GP: I think the social world of Tolstoy is somehow more static than Dostoevsky’s, it lacks that chaotic element. To compare them in another way, I came late to Russian and still only read Dostoevsky in Russian with difficulty. I find reading War and Peace or Anna Karenina far more straightforward than reading Dostoevsky. In Dostoevsky there is far more variety in voices between characters. But this is in praise of Dostoevsky, not in criticism of Tolstoy.
DN: What made you decide to start your blog?
GP: I’m recently retired. I’ve published various papers on Dostoevsky and taught various courses, so in my retirement I had planned to put together some of that into a book; but then I was at the International Dostoevsky Symposium in Boston and saw so many wonderful Dostoevsky scholars there who have the philological background and the knowledge of Russian literature that I lack. This made me think that actually it would be more useful to try a different tack. I had the idea that I could do it as a series of conversations, and then decided to do it as a blog. It was a way of working it through, rather experimental, and with no commitment. The long term view is to turn it into a book, however, and I’ve had discussions with a press about that. The target is to reach out to the sort of reader who might have read one or two of the big Dostoevsky novels but who doesn’t have a critical apparatus and would like to know more about some of his ideas.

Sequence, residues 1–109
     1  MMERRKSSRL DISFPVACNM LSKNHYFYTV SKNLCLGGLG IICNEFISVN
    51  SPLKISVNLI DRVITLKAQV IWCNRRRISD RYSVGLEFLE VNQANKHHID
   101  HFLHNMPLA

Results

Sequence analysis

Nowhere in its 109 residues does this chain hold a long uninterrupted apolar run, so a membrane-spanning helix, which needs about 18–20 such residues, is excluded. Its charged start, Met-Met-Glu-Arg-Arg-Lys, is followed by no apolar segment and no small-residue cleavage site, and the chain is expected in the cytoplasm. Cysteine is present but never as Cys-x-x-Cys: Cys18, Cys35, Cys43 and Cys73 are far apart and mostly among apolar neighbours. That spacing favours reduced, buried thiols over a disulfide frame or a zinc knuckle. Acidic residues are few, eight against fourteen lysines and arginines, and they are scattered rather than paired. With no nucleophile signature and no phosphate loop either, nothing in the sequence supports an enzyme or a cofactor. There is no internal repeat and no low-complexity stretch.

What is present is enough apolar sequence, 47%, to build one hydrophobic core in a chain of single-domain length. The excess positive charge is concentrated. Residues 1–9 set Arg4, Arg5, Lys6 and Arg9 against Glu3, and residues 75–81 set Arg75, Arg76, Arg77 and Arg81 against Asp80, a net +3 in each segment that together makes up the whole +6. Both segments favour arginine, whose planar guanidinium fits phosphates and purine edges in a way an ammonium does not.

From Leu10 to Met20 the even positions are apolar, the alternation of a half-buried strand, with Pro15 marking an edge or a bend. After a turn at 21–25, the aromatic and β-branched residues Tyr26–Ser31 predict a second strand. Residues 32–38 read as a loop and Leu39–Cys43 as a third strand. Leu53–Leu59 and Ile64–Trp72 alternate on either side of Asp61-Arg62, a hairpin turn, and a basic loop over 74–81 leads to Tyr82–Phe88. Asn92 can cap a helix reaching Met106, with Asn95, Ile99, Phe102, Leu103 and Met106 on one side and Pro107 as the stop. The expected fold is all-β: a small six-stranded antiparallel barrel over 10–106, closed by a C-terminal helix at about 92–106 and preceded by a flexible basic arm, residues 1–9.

DN: Let’s talk about the pros and cons of blogging. What are the advantages and disadvantages to the online serial format and how will that compare with producing Conversations with Dostoevsky as a single piece?
GP: The key word is ‘serial’. This has opened my eyes to Dostoevsky’s own practice of writing things in serial form, which was common for many 19th century novelists, and to just how different that is from the practice of most of our contemporary novelists. It has heightened my respect for novelists like Dostoevsky who wrote in serial form, because you can’t go back and change things, you have to have a good sense of where you are going with the material from the outset—or, at least, have the courage to stick with your choices! In a sense I’m giving myself the best of both worlds by doing it as a blog and then revising it for a book. A disadvantage is that the episodes have ended up significantly longer than I originally imagined. I personally prefer not to read long extracts of imaginative prose online, and I find there’s a limit to online readability—but others may not have that problem. With regard to the serial aspect, there is a need every now and again – something that Dostoevsky and Dickens do so well – to introduce a climactic moment. I don’t quite have cliff-hangers but there is a little pressure to have a dramatic moment.